Once your policy has been drafted, you may want to have it reviewed by legal counsel (if appropriate). Decide on the best time to address a resolution for a smoke-free bylaw, whether it be at an annual or special general meeting. Follow all necessary procedures to call the meeting and send out a copy of the smoke-free policy to members in advance of the meeting. Be prepared to discuss anticipated challenges and arguments against the policy.
Consider presenting the smoke-free bylaw by separate resolution. Given that a smoke-free bylaw can be a controversial provision, you would not want to jeopardize an entire bylaw amendment package because of this provision.
Filing your bylaw
If and when the resolution is passed and confirmed by the members, the cooperative must file the bylaw with the director within 60 days of the date the bylaw or amendment comes into force.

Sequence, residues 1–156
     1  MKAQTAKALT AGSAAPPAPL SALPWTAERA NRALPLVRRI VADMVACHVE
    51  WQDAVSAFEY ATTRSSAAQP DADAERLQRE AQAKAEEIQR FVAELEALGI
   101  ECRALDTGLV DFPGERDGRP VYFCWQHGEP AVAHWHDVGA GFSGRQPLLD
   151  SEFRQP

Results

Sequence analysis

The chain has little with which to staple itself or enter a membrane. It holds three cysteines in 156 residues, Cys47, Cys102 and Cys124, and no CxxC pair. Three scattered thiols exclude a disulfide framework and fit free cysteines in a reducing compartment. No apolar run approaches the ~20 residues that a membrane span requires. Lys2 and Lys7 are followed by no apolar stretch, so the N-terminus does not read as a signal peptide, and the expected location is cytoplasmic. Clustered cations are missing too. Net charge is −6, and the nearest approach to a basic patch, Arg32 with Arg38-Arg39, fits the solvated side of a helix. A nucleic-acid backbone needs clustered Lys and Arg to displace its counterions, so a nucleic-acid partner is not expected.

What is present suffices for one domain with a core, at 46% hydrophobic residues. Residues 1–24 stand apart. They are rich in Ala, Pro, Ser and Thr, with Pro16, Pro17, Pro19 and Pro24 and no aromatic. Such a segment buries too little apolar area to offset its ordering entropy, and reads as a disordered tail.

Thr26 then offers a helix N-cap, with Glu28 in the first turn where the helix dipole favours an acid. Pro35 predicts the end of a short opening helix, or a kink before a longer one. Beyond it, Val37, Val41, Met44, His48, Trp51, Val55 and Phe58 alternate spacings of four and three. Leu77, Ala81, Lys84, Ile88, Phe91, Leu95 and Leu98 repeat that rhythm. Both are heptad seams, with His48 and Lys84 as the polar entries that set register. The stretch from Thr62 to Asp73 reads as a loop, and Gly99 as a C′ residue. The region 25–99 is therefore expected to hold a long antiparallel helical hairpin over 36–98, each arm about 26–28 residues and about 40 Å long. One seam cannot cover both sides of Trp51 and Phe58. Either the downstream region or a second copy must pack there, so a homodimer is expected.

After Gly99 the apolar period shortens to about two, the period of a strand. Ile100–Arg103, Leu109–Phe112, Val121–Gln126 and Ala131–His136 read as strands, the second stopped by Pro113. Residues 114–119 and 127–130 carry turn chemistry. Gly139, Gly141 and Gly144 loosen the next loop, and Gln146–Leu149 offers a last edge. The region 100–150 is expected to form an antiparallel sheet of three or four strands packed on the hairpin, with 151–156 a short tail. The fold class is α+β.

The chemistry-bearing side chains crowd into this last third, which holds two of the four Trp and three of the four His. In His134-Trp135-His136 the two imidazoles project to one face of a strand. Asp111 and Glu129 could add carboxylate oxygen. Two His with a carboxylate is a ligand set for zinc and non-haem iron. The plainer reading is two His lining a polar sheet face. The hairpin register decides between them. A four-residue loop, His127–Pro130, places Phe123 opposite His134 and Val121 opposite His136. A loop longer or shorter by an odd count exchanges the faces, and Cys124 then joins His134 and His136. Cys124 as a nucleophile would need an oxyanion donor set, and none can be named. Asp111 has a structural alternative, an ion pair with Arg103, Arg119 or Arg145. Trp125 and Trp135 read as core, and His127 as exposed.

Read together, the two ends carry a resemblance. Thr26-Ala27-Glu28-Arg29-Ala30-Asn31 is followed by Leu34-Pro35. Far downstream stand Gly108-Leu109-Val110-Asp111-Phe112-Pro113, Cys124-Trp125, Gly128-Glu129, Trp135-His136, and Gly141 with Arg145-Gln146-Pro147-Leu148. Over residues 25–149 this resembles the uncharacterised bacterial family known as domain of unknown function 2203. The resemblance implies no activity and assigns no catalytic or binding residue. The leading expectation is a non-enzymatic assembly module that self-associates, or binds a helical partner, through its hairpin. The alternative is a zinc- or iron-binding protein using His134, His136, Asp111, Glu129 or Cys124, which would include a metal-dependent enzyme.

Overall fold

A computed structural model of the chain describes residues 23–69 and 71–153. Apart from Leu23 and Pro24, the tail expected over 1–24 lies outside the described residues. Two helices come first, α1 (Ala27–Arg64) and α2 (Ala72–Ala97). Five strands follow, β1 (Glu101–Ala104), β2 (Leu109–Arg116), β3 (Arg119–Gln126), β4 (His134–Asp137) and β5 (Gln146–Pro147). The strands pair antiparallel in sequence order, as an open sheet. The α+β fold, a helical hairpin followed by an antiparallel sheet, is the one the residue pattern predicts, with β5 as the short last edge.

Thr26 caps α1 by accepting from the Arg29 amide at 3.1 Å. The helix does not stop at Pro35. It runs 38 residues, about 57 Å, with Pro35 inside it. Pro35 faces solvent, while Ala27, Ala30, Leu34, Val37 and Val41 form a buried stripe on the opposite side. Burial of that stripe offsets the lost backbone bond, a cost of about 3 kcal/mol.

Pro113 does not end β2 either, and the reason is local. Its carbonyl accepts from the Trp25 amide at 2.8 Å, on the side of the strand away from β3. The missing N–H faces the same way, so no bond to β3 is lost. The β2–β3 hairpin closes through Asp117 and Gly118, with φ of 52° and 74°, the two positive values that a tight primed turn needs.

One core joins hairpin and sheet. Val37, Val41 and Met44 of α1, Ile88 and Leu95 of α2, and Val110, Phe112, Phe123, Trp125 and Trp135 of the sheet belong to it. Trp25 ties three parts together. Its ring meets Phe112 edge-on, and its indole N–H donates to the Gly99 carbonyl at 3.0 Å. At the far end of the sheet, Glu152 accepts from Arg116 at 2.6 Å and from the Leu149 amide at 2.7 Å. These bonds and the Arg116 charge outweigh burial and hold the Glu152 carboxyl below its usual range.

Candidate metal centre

Phasing in your policy
If your policy will be implemented in phases, make sure you clearly communicate the timelines and ultimate scope of the policy to current and prospective members. If your policy includes an exemption clause, inform prospective members that:
- there are residents who have been exempted from the policy and are permitted to smoke in the building, and you can’t guarantee a completely smoke-free environment until the transition is complete. Be sure to explain why an exemption of certain residents was chosen.
- while smoking is permitted in exempted units, complaints of second-hand smoke will still be addressed if it is found that a significant amount of smoke is infiltrating other units.
Download a sample letter that notifies residents about the new policy.
Spread the word about your smoke-free policy anywhere you currently list information about your properties.
- your application form
- your website
- your portfolio in third-party directories
- other marketing and advertising materials
Remember to register your smoke-free property in our online directory!